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Port Coquitlam teacher nominated for international award

Sean Robinson of Riverside secondary connects students globally
Sean Robinson
Sean Robinson with some of his Riverside secondary students, from left, David Choi, Emma Stoyanova, Steven Karantais, Braden Pearson and Kyle Schoenmakers and the solar panels and batteries they are using to power laptops in a science project they are working on. The Port Coquitlam teacher has been nominated as a finalist for the Varkey Foundation Global Teacher Prize.

A Port Coquitlam teacher is winning international recognition for his teaching strategy called Connections Based Learning that encourages students to collaborate with peers and experts in other cities and countries.

Sean Robinson, a Riverside secondary science and digital literacy teacher, is one of two Canadian finalists for the Varkey Foundation Global Teacher Prize, which recognizes teachers for their outstanding contributions to education.

“It was super exciting when I found out, I was really honored to be part of this huge group of people,” said Robinson, who is one of 50 finalists for the international teaching prize.

Recently, he and a group of his students were talking via Skype with a group of New Brunswick high school students about ways to use solar power to run laptops and keyboards.

Robinson said this kind of collaboration benefits students because it gives them real world experience working to come up with solutions to important world problems, such as how to make computers and the internet available in rural areas of developing countries.

The students are working on a project that could be used in countries, such as Uganda, where Robinson will soon visit to participate in the inaugural Connections Based Learning conference for African educators.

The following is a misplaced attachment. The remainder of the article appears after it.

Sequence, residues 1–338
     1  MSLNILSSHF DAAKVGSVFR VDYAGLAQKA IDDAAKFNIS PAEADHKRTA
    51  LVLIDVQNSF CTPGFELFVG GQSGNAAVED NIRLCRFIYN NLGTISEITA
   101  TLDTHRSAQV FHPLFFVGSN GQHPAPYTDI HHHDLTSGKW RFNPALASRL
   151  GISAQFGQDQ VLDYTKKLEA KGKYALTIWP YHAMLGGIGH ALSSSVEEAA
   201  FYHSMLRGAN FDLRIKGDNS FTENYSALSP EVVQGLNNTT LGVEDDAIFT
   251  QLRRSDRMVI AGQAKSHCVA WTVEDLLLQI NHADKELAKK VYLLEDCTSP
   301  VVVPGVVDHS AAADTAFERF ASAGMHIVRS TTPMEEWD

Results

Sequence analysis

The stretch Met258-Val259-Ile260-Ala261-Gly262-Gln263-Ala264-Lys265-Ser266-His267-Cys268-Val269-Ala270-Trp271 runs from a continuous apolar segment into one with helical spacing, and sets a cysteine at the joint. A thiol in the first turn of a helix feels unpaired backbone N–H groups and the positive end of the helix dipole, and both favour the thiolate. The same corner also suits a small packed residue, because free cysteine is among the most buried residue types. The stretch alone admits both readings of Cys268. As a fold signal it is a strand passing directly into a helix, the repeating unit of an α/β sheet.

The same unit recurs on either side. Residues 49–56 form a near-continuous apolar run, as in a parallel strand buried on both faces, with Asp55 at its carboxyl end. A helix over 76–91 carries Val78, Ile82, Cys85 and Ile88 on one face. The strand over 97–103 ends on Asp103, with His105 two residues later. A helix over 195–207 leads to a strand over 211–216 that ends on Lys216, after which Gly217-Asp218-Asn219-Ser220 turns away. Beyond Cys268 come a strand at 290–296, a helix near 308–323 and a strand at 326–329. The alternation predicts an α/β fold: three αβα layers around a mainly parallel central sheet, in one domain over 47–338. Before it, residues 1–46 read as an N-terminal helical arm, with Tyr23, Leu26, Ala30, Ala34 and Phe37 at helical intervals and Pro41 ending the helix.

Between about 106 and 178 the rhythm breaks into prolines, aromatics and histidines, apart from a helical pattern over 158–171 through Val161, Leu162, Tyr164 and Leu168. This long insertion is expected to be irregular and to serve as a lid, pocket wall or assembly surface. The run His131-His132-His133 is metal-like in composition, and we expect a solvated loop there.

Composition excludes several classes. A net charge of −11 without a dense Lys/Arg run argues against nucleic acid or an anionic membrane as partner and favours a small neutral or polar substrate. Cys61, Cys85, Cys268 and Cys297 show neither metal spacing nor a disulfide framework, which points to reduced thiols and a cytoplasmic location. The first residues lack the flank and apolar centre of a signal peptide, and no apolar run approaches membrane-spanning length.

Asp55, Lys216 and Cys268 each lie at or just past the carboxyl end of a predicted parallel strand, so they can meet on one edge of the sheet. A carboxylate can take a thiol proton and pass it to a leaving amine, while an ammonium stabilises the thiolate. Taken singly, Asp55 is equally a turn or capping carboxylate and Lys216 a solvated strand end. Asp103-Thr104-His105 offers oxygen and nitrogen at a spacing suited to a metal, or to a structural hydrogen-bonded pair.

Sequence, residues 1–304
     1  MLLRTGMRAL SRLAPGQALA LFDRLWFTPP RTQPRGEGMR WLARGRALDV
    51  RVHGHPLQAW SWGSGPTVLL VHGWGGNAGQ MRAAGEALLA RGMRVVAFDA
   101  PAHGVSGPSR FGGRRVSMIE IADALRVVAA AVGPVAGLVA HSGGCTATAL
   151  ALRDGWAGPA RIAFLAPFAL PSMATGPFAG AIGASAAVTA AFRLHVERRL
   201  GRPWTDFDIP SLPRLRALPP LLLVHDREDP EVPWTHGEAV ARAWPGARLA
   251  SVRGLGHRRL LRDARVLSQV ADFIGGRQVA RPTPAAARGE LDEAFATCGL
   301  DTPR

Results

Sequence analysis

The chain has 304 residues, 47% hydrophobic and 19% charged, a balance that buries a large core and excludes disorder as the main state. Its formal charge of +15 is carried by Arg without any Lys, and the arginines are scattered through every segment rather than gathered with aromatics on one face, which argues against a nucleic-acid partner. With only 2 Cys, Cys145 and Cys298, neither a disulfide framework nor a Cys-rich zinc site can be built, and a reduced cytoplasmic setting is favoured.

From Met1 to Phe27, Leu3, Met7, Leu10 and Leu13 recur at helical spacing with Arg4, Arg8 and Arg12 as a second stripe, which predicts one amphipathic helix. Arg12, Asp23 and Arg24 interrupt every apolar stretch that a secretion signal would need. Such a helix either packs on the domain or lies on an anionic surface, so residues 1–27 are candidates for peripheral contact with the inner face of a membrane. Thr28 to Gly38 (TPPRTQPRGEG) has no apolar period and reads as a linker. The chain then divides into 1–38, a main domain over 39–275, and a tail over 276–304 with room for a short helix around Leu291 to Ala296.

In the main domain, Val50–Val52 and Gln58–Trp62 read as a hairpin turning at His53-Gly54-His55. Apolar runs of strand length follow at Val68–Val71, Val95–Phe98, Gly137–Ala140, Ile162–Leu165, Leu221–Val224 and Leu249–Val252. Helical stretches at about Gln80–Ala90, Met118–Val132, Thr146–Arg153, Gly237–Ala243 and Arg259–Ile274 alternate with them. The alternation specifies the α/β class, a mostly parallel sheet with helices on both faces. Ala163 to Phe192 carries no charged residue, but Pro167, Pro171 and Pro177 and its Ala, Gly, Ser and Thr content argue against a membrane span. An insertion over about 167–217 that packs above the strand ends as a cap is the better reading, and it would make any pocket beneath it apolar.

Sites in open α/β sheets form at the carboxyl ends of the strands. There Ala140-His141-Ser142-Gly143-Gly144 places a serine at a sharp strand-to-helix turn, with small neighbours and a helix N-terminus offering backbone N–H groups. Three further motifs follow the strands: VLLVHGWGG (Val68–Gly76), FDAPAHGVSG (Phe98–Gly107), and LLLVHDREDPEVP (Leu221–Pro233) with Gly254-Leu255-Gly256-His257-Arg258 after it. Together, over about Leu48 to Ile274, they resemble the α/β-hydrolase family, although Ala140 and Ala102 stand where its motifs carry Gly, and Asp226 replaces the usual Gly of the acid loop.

“I thought this is really a task for my students. We went through Connections Based Learning strategies, working out loud, making other conniption to make these kind of things possible. My students connected with a group called Voltaic Systems, who create solar solutions.They were helping the kids with calculations — they were able to say ‘these are the panels we recommend, and we’ll send you some free panels, and we’ll charge you for the batteries.’”

The students are experimenting with the solar panels and batteries to see how long it takes to power up a laptop and are collaborating with New Brunswick high school students, led by a fellow Varkey nominee and teacher Ian Fogarty, on the best way to do it.

Robinson said he is working with other Varkey finalists on projects, including a teacher from Uganda, and is thrilled to be making global connections he believes will benefit students.

“We really did work together with the class, we put work on the online portfolio, her students commented to the work the students did and so we really did collaborate.”

On Dec. 29, Robinson will fly to Uganda to meet with Catherine Nakabugo and other teachers he’s worked with for the inaugural Power of Connection conference — and he’ll be bringing the solar panel and batteries with him, in the hope of furthering connections and the students’ work.

“I’m in the process of sharing out this teaching approach,” explained Robinson, who is using funds from his Premier’s Awards for Excellence in Education prize to pay for the trip and the project.

“For me this, is just more opportunity to help educators to develop their skills and dealing with genuine projects and making connections around the world, I feel honored in using the prize money this way.”

As for the Varkey nomination, Robinson said he is thrilled to be counted among the world’s top educators and hopes to make connections with them online or in person one day.